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a Postmodern Multimedia
by Heiner Müller

VENUE : 7 Stages [WEBSITE]
ID# 2210

SHOWING : March 15, 2007 - March 18, 2007



The world of the status quo gets trashed before our very eyes, turning the world of Hamlet upside down, inside out, and bass-ackward. Leave your expectations at the door as the actor playing Hamlet encounters his digital doppelganger in Müller’s deconstruction of modern reality. An Interactive Performance Laboratory production featuring interactive 3D computer animation, supported in part by a grant from the University of Georgia’s Ideas for Creative Exploration.

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'Tis a Pretentious Stew, Devoutly to be Missed
by Dedalus
Wednesday, March 21, 2007
This is another already-closed production in 7 Stages “March Madness” series. Again, I had to debate posting this, chiefly because it was performed by UGA Theatre Majors just starting their careers, and I don’t want to discourage them. The fact is, I hated, hated, hated this play, and I’d be hard-pressed to write an analysis that doesn’t include a few rants or vents. But there is some stuff here I think deserves discussion, even if you missed the play (or resent my criticizing it).

To begin with, the urge was very strong to give this a “0” star rating (I disliked it that much). Two things pushed my rating up a couple notches. First, I recognized my own college pretensions in this production. When I was the age of these actors, I too confused obscurity with depth, cleverness with substance, and intensity with commitment. As much as I hated the show, I saw potential in all the actors, a willingness to go out on a limb for a project they obviously believed in. To criticize them for stuff I was just as guilty of … well, let’s just say that my own cognitive dissonance won’t let me give my youthful predilections a “0” rating. It wouldn’t be fair to rate them more harshly.

Secondly, the show ends with a truly incredible and theatrical image – an actress bound to a wheelchair with strips that were then taken to all sides of theatre behind the audience. The resulting image of straight line bindings all focused on a wheelchair-bound actress was, to say the least, compelling. Whether or not it invoked the idea or emotion planned is another story altogether.

As background, “Hamletmachine” is the work of German philosopher/playwright Heiner Muller. Following the suicide of his wife, he spent thirty years developing this work, a stream-of-consciousness meditation on life, death, politics, oppression, sex, love, Hamlet, technology and obsession. The script is reportedly only five pages long, leaving each production free to indulge its own subconscious dreams and whims. 7 Stages director Del Hamilton collaborated with the UGA theatre department to create this production, which clocks in at a seemingly endless 80 minutes.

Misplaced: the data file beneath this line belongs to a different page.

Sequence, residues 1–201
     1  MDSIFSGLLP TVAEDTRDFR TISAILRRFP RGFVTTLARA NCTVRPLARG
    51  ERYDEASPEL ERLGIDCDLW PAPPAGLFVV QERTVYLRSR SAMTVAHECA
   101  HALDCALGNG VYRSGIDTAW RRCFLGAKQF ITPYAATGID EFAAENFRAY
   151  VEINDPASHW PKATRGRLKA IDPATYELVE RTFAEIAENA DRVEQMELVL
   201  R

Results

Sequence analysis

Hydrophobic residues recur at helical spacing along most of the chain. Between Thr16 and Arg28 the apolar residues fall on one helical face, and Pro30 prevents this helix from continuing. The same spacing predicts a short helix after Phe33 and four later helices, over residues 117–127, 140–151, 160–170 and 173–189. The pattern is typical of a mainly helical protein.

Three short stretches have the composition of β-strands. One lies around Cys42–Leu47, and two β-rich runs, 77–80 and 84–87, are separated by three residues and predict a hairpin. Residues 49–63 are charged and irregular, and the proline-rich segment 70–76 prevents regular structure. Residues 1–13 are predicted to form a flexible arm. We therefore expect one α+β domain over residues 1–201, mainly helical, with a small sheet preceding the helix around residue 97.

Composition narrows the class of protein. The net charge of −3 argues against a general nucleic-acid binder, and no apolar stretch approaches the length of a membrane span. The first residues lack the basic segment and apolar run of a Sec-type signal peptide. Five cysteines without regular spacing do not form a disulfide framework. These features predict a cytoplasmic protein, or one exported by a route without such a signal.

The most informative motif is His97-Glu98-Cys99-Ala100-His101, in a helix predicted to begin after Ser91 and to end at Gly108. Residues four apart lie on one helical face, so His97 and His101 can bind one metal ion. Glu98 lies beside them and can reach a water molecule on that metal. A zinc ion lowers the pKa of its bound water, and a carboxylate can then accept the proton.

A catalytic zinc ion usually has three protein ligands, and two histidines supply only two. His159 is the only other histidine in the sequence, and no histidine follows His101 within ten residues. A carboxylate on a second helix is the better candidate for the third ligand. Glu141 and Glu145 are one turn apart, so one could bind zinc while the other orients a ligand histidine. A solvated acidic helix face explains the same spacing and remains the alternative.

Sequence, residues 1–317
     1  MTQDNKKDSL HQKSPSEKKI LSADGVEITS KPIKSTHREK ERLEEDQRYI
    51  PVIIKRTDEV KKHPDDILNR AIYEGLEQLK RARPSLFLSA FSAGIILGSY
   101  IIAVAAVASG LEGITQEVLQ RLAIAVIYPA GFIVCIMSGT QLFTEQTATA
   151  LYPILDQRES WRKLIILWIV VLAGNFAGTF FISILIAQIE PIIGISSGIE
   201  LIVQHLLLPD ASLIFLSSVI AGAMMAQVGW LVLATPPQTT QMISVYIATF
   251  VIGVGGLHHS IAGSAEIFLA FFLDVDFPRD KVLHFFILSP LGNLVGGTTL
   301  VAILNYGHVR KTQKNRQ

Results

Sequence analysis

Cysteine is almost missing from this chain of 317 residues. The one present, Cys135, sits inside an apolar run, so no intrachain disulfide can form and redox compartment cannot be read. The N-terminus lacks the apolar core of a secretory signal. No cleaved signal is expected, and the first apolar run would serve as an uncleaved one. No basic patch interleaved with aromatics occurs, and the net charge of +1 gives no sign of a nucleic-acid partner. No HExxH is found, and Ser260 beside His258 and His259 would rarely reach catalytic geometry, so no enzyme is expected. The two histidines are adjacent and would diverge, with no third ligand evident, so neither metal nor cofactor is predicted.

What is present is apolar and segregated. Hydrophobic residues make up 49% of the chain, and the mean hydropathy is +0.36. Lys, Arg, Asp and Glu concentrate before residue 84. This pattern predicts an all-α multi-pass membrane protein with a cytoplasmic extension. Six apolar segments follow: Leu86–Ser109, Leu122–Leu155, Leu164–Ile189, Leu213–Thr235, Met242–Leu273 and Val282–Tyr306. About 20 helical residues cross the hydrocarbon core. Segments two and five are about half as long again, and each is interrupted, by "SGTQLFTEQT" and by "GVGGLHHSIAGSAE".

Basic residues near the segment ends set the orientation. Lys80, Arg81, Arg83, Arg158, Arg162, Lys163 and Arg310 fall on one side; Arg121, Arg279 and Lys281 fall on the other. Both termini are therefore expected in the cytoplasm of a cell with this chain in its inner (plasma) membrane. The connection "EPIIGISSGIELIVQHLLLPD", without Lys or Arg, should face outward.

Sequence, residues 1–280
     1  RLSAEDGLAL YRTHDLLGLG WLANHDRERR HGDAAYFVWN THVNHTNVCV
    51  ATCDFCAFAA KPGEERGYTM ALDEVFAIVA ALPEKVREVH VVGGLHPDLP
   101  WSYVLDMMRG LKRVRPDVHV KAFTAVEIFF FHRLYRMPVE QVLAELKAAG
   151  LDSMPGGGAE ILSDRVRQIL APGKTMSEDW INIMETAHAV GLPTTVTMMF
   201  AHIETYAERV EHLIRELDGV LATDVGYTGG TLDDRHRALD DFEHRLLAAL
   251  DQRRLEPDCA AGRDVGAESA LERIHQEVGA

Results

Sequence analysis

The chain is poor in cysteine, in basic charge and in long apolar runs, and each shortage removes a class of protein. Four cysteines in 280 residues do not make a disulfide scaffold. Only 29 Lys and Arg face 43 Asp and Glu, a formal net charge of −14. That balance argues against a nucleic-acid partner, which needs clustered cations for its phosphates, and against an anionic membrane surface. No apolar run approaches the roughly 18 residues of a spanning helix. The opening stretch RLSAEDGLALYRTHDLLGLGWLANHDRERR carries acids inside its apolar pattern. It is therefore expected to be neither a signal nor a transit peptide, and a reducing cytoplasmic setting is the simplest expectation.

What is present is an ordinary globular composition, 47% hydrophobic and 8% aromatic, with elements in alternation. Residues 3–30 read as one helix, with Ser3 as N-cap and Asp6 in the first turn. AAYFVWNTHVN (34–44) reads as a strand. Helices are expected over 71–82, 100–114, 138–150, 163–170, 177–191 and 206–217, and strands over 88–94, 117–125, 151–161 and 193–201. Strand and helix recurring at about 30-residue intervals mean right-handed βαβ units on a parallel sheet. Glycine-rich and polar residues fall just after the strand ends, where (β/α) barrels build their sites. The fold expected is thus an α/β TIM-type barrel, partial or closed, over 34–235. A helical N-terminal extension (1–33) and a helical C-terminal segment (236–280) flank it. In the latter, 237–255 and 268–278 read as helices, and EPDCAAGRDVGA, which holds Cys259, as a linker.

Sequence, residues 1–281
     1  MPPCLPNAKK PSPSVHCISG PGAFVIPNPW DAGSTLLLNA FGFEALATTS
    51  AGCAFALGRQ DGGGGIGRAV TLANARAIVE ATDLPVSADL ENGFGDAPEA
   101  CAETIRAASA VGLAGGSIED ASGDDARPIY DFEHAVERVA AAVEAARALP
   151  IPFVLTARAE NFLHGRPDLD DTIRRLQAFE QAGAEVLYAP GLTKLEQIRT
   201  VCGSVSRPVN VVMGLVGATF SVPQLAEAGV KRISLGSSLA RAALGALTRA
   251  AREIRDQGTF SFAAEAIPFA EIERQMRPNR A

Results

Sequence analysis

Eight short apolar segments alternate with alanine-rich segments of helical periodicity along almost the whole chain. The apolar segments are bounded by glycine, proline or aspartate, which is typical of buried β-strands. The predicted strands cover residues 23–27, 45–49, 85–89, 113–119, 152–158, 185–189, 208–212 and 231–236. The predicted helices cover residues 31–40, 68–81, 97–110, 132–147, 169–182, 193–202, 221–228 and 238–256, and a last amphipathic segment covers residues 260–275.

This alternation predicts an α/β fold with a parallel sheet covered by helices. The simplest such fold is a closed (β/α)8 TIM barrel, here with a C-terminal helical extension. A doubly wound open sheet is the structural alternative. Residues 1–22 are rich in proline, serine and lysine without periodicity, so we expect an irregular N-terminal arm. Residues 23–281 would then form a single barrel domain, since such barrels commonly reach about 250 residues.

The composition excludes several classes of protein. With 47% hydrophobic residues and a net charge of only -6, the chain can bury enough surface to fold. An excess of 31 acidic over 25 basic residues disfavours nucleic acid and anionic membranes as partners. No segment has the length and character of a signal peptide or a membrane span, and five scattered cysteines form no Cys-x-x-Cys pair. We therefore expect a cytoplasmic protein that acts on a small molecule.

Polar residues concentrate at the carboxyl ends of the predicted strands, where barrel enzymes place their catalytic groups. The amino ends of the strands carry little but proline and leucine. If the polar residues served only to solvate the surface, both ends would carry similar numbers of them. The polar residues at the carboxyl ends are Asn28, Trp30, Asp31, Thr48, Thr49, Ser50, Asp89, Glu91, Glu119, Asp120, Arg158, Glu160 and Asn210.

Let me touch on a few topics that merit discussion.

First, though I’m normally open to “Stream-of-Consciousness” narrative, in this case, I found the psychological basis for it artificial and unconvincing. When it works for me, it’s because it opens a window into character traditional narrative fails to do. It shows how that character‘s mind associates, how it creates images, how the very randomness of chaotic thought gives us more information than a traditional plotline could. In this case, however, the subconscious on display is the playwright’s, not the character’s. “Hamlet” here is a tool, a mouthpiece for Muller’s ideological pronouncements (here given the gravitas of an “I’m-Revealing-to-you-the-TRUTH” deity). The chracters all have little (or no) similarity to their “Hamlet” analogs, and have little or no apparent character of their own. A more experienced cast may have given them individuality, even within the context of Muller’s vignettes. Here, though, it doesn’t happen. Here, it seems the actors go through each sequence, showing no character, showing no connection to the admittedly random events happening around them.

Not to be flippant, but I blame it on Jung. The program notes acknowledge Jung as an influence on Muller’s philosophy and vision. I’ve often found the archetypes and subconscious analyses of Jung to be prone to cliché and stereotype. It’s not about what makes the characters different, but what makes them the same. Theatre, even Stream-Of-Consciousness theatre, is best (in my mind), when it’s the differences that are manifest. It’s why we’re spending our time with these characters, characters who hopefully surprise us. To a Jungian, there should be no surprise. I have no background in psychology, so I suspect I’m oversimplifying this (or even getting it dead wrong). But to me, Stream-of-Consciousness writing before Jung (Joyce, Woolfe, Rimbaud, for example), is so much more compelling (and believable), than writers who are “influenced by Jung.”